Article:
We encourage students to choose a Graduation Project format that showcases their talents, as well as meets our requirement of illustrating their entire educational journey; from their early years up to the present day.
View the Digital Illustration of her educational journey at the bottom of this page, as you read the written narration to explain her creative process.
I became a student at West River Academy when I was 10 years old. I’m now 18 and will be moving to New York City in the fall to study art and design at Pratt Institute. This Graduation Project explores my time at West River Academy and is loosely based on the Greek myth of Persephone as I chronicle my journey from childhood to womanhood.
It starts at the house we lived in when I was in elementary school. My favorite thing about that house was the giant palm tree in the front yard that looked like a huge pineapple. It made our incredibly suburban house just a little more fun. You’ll also see my cat, Lucy, who loved to be outside and who I miss very much. In the back is my family who I had to include in this; they’ve supported me every step of the way on my journey to adulthood. In 4th grade, I was a voracious reader so I filled the cloud space with my favorite books from that period of time.
I named the Queen Mary 2 (QM2) “Hades” to represent the chariot in which Hades took Persephone to the Underworld. There are so many different tellings of the Persephone myth, but my favorite version is the one where, instead of being kidnapped, Persephone chooses to go to the Underworld with Hades, seeking adventure.
When we started unschooling, so many of my friends said that I’d never be able to get a job or go to college, if I didn’t stay in school. We knew from the very first day that it was a good decision for our family, but still, we were bored in the suburbs. With our new freedom, we put everything we owned in storage and embarked on what ended up being an almost two-year world schooling adventure, really going into the unknown. The second section depicts the QM2 which was the start of our adventure. You’ll see my dog, Toffee, and the friend she made in the portholes. On deck you’ll see my friend playing the blow-up saxophone, which I still have and treasure. We each had a backpack and just a few personal items, but we each needed one formal outfit for the QM2. It was my first “gown.”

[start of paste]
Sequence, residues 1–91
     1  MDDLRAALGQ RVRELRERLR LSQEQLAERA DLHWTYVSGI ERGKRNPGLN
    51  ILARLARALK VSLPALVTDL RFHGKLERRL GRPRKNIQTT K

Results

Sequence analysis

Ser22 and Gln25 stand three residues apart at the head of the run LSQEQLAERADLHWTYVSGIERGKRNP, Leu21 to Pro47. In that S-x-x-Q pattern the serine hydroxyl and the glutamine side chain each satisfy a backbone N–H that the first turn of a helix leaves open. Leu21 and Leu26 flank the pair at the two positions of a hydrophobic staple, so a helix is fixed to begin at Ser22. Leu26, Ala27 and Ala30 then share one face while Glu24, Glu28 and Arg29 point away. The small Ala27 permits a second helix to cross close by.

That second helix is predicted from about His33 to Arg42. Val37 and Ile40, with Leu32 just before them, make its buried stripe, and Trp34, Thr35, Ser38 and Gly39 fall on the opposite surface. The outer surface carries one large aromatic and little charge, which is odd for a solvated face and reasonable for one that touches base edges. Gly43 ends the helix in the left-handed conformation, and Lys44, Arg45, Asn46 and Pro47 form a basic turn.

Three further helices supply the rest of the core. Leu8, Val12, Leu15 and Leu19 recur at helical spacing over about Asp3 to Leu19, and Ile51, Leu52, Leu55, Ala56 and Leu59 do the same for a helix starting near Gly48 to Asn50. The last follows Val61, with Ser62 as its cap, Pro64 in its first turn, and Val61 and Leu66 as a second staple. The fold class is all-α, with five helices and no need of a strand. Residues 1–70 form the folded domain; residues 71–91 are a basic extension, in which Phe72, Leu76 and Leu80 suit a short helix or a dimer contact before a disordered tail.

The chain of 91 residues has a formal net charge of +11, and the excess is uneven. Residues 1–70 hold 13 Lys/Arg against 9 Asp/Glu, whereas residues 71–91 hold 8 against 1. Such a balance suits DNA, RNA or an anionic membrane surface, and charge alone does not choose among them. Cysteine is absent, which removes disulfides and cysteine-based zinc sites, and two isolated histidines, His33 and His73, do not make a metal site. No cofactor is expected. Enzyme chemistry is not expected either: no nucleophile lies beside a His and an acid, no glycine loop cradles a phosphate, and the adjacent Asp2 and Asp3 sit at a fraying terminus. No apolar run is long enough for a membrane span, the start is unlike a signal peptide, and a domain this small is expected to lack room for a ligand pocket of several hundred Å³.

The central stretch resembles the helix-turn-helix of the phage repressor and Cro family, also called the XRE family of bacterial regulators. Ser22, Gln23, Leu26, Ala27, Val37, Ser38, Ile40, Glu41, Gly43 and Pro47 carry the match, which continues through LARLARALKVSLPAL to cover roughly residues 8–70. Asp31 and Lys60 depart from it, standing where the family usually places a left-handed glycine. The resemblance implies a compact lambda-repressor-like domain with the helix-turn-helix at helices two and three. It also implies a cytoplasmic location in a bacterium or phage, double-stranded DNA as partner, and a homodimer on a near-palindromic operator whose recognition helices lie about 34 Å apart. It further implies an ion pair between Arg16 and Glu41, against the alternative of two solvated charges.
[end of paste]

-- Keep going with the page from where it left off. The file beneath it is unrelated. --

This is the dress I wear as I step off the boat into my middle school years, lantern raised as my curiosity, to explore Europe’s treasures. Here, I just mark the highlights in Rome, Paris, and London. Most of my memories are captured on film. I got my first good camera on this trip and curated a highlight book of my photography, several images of which helped form my portfolio for Pratt. As you might imagine, photography became a life-long love through those years of regularly exploring something totally new.
Eventually, my brother and I missed playing sports and wanted to settle back in SoCal. This third panel of my scroll represents my high school years. During this time, I learned what I enjoyed doing and what I didn’t enjoy doing, represented by volleyball and working at our local ice cream place. Volleyball represents my discipline and drive, working with others, making friends, achieving goals and having a lot of fun doing it. That would be the Elysian Fields in my Persephone analogy, whereas the ice cream job was more like Tartarus. I thought it would be fun and full of smiles, but no one there really liked their job, the management was demeaning, and the customers were entitled.
Books were the biggest part of my elementary, middle school, and traveling years, and then high school was all about music. During high school, I was introduced to new genres of music that I’ve come to love and portrayed it here with the names of my favorite artists in the dark clouds between this section and the next.
The final section of my scroll represents springtime, my future, and the adult Persephone returning to the world anew. The gusts of wind are full of my interests and what I plan to pursue, but I imagine there will be some surprises along the way. Unschooling has kept me ready to notice and respond to what’s new, to carve my path, and to make my way.